This week's post comes from National Compliance and Quality Audit Manager, Sharon Nichols, BSBEB, RHIT, CCS, CHTS-TR.
It’s the most wonderful time of the year! That’s right, it’s back to school for the kiddos. As the hustle and bustle of the new school year starts and the morning drive (flashing red, school bus ahead) slows to the pace of a horse and carriage ride, our children will soon be sharing more than summer vacation stories with their friends. As parents, teachers and school administrators deal with runny noses, sneezing and coughing (into the left elbow please) we in the healthcare industry will be tasked with applying the ever interesting and complicated codes associated with all those bugs.
Bugs come in all shapes and sizes; bacteria, viruses, and yes, my friends, even bugs. Head lice, for one, is an elementary school nightmare and very hard to stamp out with so many children in close quarters. Our focus in this three-part series will be on the most common bugs our little darlings in grade school like to share the first few weeks of school. First, we’ll discuss type and transmission of conjunctivitis… what a lovely pink eye you have. Then we’ll discuss Rhino vs. Entero viruses…doesn’t a rhino live in the zoo? And finally, when your six-year-old excitedly tells you that he has “the head lights” it doesn’t mean he took them from the car, it’s our favorite little creepy critter head lice. Now that your eyes are itching, you’re wheezing, your tummy is upset and your skin is crawling, let’s get a little more comfortable with our knowledge and coding.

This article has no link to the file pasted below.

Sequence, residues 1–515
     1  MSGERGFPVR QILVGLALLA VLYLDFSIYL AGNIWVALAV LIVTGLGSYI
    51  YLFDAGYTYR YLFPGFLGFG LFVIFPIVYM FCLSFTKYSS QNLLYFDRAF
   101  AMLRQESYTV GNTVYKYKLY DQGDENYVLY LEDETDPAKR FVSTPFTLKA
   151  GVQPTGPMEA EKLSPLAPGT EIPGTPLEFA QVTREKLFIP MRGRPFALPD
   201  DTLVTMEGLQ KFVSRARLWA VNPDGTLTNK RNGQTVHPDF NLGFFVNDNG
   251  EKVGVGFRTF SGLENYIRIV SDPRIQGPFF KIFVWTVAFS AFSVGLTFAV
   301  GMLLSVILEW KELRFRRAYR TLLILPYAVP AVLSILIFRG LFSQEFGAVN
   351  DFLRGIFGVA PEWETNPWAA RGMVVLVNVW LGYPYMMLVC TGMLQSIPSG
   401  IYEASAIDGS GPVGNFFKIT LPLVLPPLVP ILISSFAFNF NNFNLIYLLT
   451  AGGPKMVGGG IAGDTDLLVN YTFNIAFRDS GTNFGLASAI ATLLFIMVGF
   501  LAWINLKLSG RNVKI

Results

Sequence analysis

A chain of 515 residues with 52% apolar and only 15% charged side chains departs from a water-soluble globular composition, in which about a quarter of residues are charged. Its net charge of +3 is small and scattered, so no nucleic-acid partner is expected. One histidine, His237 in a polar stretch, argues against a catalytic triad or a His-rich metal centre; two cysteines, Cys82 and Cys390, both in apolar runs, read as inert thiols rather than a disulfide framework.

We won’t go into the many differences between bacteria and viruses or the various bugs we studied in school, but the distinct components of Pink Eye in this first part of our series.
The conjunctiva is the membrane lining the eyelids and covering the eyeball, irritation and infection can be referred to as ‘Pink eye’. Pink eye can be caused by viruses such as adenovirus, bacteria such as Staph or Strep, allergens like pollen and dust, or irritants like chemicals and contact lenses. Pink Eye is an acute form of conjunctivitis described as mucopurulent meaning there is a purulent discharge from the eye. Pink Eye falls into one of two ICD-10-CM categories from Chapter 7. Diseases of the eye and adnexa; Acute Follicular or Other Mucopurulent conjunctivitis. When it’s due to a bacteria or virus specified in the Infectious Disease chapter, the code would come from that chapter instead.
Mild cases of pink eye usually resolve on their own, but there are key indicators that medical treatment is necessary. When pain in the eye becomes moderate to severe and light sensitivity exists, or that cotton candy pink tone to the whites of the eye(s) turns an angry red, medical treatment is needed. So, we know what causes Pink Eye, but how do we code such a colorful condition? Coding is dependent upon the cause or source of the conjunctivitis and the laterality.
- Follicular conjunctivitis is determined by macroscopic or microscopic appearance of small, dome-shaped follicles without a prominent central vessel and can be seen with inflammation caused by pathogens, toxins and medications. This condition is coded in the H10.01 – H10.02 series of codes.
- This should not be mistaken for Papillary conjunctivitis which shows a cobblestone appearance with a central vessel, typically caused by an allergic response or foreign object such as a contact lens.
- Due to exposure means keratoconjunctivitis wherein the conjunctiva and cornea are affected, this can be seen in cases where the patient is exposed to chemicals or other irritants and is coded from the H16.21 series of codes. This is not ‘Pink Eye’ in the form caused by patient to patient transmission.
Case Study – A patient presents with pain in the left eye with itching and drainage after being around his niece who has pink eye. The physician examines the eyes and notes drainage, irritation, redness and pain without involvement of the cornea in the left eye. The right eye is clear of symptoms and the final diagnosis pink eye on the left.
- Pink Eye is defined as acute mucopurulent conjunctivitis, other/unspecified unless the physician indicates a specific type or cause. H10.002
- Symptoms are not coded separately as they are inherent to the disease process